Sociology as art as a powerful way to reveal the social

By Janna Klostermann (@jannaKlos)

In her reflections at the opening session of Undisciplining, Dr. Michaela Benson beautifully differentiated between sociology and the sociological. The conversation that followed raised questions about how to extend our work – engaging in public sociology outside of academe and honouring alternative and experimental modes of doing sociology.

I was excited to attend this conference to deepen my public work and connect with others making (or asking questions about!) juicy, provocative interventions. I was grateful to hear Dr. Benson and co. kicking off the event by thinking through these questions and the tensions around them.

I have been actively engaging in ‘sociology as art’ – writing memoirs and taking my sociological analytic to comedy clubs and storytelling festivals. I tell stories that cut and that challenge some of the social currents or conventions I have been learning about through my ethnographic research into the social organization of care in Ontario Canada.

While my public efforts are fueled by my research and work as an academic, very rarely do I present evidence on stage or in print. Educating and informing others about ‘how things work’ is important work, but I think there are other possibilities for public sociology.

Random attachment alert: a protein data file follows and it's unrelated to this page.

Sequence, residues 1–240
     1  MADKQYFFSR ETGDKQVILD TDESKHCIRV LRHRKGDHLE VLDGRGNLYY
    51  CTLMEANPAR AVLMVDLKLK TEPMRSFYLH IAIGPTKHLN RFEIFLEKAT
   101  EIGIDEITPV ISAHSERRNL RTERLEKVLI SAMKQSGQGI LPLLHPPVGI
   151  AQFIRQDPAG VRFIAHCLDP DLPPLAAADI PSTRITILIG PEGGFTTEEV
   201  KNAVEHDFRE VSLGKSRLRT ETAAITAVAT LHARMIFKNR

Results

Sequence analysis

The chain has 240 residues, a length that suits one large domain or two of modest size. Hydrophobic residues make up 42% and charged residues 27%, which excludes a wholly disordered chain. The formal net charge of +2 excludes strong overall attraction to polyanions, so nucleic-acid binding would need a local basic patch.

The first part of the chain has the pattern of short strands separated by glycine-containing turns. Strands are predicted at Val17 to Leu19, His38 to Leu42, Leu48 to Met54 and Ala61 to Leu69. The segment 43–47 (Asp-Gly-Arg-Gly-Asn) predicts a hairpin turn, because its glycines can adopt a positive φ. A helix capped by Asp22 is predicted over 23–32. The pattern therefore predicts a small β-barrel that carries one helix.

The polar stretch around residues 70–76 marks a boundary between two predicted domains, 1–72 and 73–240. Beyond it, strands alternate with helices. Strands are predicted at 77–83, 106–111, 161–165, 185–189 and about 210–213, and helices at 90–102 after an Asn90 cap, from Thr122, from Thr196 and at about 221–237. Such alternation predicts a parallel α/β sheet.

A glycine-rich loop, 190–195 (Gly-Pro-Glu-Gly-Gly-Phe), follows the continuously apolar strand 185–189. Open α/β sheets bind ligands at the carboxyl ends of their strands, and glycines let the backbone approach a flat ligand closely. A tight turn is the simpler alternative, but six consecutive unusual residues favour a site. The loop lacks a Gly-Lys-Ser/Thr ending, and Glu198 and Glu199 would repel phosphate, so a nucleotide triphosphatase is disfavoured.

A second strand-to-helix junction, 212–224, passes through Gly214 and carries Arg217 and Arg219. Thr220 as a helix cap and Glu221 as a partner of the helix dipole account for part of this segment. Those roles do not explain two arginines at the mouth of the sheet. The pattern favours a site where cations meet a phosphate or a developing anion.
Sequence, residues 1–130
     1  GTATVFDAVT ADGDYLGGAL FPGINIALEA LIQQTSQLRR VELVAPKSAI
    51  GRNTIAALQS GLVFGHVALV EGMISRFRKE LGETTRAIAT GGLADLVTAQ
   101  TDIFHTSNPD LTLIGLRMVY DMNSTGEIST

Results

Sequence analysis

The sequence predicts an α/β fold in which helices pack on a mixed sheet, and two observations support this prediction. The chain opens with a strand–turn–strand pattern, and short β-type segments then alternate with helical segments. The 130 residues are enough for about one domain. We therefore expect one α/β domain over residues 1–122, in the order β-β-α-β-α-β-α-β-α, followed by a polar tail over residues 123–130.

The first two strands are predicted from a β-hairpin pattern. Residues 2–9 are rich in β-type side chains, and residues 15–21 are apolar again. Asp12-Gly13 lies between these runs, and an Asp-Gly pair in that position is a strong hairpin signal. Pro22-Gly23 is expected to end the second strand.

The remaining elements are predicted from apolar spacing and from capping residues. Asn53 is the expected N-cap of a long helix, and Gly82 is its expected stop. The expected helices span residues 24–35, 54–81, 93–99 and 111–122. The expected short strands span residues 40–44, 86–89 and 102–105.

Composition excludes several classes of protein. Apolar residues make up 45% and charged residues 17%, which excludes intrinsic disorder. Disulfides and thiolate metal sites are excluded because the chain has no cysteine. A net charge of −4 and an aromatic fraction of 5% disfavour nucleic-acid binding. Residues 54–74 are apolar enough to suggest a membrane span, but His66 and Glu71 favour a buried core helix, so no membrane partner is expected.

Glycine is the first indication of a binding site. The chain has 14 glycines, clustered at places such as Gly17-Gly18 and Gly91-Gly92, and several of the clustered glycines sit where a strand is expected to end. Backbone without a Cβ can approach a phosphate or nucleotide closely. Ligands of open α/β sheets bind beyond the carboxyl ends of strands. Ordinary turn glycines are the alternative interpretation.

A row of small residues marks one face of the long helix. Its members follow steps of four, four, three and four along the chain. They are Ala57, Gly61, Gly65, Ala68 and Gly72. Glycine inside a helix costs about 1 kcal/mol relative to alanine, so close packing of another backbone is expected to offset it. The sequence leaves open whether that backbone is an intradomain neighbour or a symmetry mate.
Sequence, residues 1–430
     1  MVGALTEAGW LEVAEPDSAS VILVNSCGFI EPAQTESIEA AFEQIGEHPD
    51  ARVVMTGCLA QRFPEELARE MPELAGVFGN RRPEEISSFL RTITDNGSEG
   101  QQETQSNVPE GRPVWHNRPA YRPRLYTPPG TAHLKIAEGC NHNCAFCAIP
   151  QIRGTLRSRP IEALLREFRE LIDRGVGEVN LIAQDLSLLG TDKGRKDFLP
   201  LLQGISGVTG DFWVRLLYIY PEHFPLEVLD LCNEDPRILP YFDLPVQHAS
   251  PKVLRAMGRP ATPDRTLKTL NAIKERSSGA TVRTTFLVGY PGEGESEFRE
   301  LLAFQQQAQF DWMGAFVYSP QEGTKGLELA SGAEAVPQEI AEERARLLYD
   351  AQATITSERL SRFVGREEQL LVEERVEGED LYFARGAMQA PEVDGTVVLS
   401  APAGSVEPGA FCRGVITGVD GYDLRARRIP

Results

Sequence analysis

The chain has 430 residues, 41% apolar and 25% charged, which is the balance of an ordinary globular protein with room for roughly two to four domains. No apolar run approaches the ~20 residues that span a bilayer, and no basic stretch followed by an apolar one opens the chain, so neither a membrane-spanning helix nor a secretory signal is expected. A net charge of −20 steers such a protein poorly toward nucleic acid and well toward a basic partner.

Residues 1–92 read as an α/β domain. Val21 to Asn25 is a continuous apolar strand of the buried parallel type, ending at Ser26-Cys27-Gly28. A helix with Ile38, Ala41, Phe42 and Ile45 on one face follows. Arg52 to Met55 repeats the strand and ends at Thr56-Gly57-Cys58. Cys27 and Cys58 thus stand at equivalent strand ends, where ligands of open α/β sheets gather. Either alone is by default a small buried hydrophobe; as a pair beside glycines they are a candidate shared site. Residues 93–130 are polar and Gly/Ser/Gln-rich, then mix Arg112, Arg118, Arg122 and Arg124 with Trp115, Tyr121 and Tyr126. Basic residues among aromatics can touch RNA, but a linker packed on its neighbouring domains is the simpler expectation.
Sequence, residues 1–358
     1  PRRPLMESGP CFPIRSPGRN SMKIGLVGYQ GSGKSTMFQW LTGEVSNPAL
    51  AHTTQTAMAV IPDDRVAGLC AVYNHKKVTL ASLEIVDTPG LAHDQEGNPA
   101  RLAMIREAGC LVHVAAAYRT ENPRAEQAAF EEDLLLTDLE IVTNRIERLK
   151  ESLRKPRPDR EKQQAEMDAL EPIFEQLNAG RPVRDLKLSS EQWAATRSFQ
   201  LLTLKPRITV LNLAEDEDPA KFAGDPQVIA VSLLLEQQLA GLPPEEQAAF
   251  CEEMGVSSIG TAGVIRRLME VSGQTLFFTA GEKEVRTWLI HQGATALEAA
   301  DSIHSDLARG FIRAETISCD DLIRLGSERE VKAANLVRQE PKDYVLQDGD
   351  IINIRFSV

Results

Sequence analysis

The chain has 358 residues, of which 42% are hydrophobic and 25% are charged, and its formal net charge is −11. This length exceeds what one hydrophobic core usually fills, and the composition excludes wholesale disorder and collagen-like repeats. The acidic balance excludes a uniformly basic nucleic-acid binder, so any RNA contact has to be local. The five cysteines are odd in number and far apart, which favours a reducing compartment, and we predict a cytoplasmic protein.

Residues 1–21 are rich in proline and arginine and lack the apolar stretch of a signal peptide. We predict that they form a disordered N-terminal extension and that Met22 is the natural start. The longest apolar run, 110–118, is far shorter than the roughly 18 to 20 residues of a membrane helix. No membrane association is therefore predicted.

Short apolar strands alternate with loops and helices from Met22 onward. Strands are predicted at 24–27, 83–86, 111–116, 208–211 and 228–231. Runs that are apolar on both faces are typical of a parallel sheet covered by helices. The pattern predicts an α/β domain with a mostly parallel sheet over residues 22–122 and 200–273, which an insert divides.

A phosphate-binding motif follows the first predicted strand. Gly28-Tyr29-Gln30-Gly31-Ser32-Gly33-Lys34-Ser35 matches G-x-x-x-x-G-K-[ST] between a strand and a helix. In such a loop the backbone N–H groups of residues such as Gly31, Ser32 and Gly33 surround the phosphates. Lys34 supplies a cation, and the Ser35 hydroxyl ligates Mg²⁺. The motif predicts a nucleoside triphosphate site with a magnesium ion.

I am learning through my through my engagement with the work of other artists, activists and academics (Sheila Cavanagh, Ann Cvetkovich, Naila Keleta-Mae, Claudia Rankine and George Smith come to mind) that engaging in ‘sociology as art’ can be a powerful way to…

Contribute to public discourse.

Collapse interpretation and evidence into stories or images that cut.

Communicate in visceral and ethical ways.

Make change.

Pack a punch.

I am also learning through my work as a storyteller and performer that engaging in ‘sociology as art’ can be a powerful way to …

Situate artists and audiences alike within the social relations of which they are part.

Generate new knowledges about ‘how things work’ or about social currents and conventions.

So, as a storyteller, I’m not out to educate per se, I do think public or performative interventions can be a useful sociological practice in other ways. I am learning to listen and learn from the collective sigh of a crowd, from the silence when a joke flops and from the ‘vulnerability burn’ that follows after the odd over-share. Seeing how stories land or settle in a room is a powerful experience.

Performing can be a powerful way to reveal the social.


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